Dating — online or off — is frustrating and bewildering, a long and tearful journey to a great partner. While technology has absolutely transformed how we find potential dates, the most significant change is cultural. Instead of settling down with someone “good enough” we ask so much from our partners now that it’s only natural the search for them is arduous.
Nobel Prize-winner Marty Chalfie explains how science is really done through the story of one of the most important breakthroughs in modern biology: green fluorescent protein, GFP.
Re-reading a Vonnegut novel about abstract impressionism inspires my very first painting experience, mistakes and all.
Sweet potatoes are naturally transgenic. Does this change what natural and transgenic should mean?
Our conversations about civic matters—economic policies, schooling systems, religion, science, and social institutions—are severely lacking in nuance and reasoned debate. Instead, what flourishes are simplistic arguments and ad hominem attacks. This trend is strengthened by a media environment where we can easily consume pieces tailored to our point of view, avoiding challenge and change.
On Being is a weekly public radio show hosted by Krista Tippett ostensibly about religion and spirituality, but now the host of a broader series of discussions called the Civil Conversations Project. I used to turn off On Being when it came on my radio Sunday afternoons, put off by the wispy quality, assuming it was a liberal echo chamber of feel-good, empty spirituality.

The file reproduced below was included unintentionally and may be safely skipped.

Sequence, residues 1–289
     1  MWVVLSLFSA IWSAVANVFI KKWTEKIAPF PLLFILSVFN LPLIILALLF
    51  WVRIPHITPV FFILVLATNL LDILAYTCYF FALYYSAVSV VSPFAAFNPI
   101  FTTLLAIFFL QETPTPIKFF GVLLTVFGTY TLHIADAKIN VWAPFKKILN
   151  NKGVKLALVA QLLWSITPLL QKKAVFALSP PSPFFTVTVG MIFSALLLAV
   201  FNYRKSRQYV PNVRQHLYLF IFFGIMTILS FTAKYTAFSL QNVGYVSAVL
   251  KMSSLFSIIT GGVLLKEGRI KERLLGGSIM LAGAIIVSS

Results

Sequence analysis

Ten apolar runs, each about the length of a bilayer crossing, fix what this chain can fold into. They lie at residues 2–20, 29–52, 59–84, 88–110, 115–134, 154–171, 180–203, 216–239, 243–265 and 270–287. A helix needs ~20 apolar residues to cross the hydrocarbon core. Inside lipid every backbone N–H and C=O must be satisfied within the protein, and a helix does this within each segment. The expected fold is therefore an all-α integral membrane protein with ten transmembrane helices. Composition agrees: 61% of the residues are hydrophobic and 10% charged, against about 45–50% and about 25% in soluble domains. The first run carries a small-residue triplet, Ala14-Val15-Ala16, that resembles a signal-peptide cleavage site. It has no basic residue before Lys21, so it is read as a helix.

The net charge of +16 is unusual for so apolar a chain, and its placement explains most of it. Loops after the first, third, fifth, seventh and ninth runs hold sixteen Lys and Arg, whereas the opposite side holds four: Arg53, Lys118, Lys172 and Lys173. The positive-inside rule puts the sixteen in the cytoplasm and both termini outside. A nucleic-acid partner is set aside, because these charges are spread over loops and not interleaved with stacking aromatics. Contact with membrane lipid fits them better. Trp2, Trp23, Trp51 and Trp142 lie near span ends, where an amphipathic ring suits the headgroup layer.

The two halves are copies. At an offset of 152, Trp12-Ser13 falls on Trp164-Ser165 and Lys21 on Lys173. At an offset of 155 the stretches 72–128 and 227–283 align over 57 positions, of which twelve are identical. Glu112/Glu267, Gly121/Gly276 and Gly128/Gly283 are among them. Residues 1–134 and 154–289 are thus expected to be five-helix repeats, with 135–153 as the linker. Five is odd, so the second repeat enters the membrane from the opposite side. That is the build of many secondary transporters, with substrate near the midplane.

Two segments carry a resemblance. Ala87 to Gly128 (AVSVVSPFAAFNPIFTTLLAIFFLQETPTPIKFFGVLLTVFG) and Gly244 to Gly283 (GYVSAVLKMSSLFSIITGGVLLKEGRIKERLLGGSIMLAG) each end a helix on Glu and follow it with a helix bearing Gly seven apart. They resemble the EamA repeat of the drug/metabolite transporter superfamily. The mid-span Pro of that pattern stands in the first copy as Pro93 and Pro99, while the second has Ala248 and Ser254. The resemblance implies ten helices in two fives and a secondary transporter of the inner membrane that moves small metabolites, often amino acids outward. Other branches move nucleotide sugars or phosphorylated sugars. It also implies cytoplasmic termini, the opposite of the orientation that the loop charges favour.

But as I would listen in snippets, or accidentally turn it on in the car, I found it to be a series of careful, respectful dialogues about difficult subjects, with religion, of course, among the trickiest.
So it did not altogether surprise me to find myself enchanted by arecent episode on gay marriage, which really became a window into how to have civil debates. An interview of David Blankenhorn and Jonathon Rauch—originally on opposite sides of the gay marriage debate, and now friends in agreement on many issues—the discussion covered David’s changed mind on gay marriage, but much more interestingly their process of what they called “achieving disagreement.”
For this post I really want to excerpt some longer segments that, I think, speak for themselves. I encourage listening to the full episode. To have two people agree about how to disagree, that are intellectually honest in their point of view and empathetic enough to consider the other side is tragically rare these days and models a better way to converse. I think we can learn from them how to continue to passionately disagree while remaining not just polite, but truly civil.
Following are minimally-edited excerpts.